- If Chiarelli could swap the 22nd pick for a player who is 22 and younger and ready to contribute in the NHL, I’m sure he’d look at it, but only a team with cap troubles would contemplate that move.
- When I take a step back and assess the Oilers entire organization, I understand why Chiarelli was still cautious at his end-of-season presser. The Oilers’ depth is still shallow. The Oilers are heading in the right direction, no doubt, but Chiarelli recognizes he needs more depth, and will need a few players who can fill spots in the coming seasons when the Oilers likely shed some salary because of McDavid and Draisaitl’s new contracts.
- I’m getting more intrigued with the expansion draft every day. The possibilities are endless, and I’m interested to see how much teams will give up just to shed some salary. We’ve seen trades like this before — Bryan Bickell to Carolina, where the Blackhawks included Teuvo Teravainen and Carolina only had to give up a second round pick. The expansion draft has made the off-season much more interesting.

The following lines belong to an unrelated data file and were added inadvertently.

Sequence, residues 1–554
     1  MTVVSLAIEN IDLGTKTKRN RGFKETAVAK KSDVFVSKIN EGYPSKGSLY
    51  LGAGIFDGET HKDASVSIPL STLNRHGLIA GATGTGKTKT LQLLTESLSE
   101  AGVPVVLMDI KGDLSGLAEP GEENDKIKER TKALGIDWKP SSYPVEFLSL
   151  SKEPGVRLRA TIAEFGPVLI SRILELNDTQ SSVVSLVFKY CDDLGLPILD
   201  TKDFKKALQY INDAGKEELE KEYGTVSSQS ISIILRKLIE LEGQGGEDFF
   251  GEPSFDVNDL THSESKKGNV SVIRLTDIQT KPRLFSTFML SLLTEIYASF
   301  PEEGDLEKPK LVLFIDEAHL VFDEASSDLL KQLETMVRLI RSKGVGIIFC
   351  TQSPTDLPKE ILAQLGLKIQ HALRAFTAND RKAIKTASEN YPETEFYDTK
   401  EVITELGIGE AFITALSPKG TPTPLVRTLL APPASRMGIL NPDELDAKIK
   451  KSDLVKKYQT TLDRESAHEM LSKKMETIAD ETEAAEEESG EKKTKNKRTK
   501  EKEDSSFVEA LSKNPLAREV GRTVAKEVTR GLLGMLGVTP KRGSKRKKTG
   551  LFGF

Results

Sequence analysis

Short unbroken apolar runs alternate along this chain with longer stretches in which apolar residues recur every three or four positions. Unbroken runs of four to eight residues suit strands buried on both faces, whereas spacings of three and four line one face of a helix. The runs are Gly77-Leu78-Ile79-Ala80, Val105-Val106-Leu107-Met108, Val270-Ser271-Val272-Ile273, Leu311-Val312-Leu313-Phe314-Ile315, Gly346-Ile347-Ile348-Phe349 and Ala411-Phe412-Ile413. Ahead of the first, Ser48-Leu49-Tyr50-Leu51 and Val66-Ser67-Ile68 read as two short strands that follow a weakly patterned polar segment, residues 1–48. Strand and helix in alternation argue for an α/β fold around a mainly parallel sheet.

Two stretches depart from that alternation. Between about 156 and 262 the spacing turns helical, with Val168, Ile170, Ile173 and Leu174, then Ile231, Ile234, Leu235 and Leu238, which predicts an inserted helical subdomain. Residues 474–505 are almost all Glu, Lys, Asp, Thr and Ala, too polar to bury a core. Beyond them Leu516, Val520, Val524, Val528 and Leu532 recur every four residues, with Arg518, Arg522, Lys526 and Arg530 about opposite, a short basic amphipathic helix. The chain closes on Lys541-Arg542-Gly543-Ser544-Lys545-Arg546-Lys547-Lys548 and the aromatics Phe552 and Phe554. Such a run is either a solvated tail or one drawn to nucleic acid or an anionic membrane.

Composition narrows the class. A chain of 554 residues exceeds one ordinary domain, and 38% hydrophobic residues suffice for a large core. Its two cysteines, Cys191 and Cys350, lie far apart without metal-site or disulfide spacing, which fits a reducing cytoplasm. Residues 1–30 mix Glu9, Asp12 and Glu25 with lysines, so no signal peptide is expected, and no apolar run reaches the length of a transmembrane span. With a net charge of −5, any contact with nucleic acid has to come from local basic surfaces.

- If Benoit Pouliot gets moved this summer, I see him going via trade to a team where the Oilers pay 40-50% of his salary. Pouliot is a proven NHL player. He is a bottom six forward who can kill penalties and chip in 12-14 goals when he has confidence. He had a down year, but I don’t expect him to go 30 games without a goal again. His contract is his main issue. Despite many analytics people suggesting otherwise, this was an obvious overpay from the start. He can contribute to a team, just not at a $4 million/year level. For me, it would make more sense to pay half his salary to play for another team rather than buy him out and have two years of wasted cap space in 2019/2020 and 2020/2021.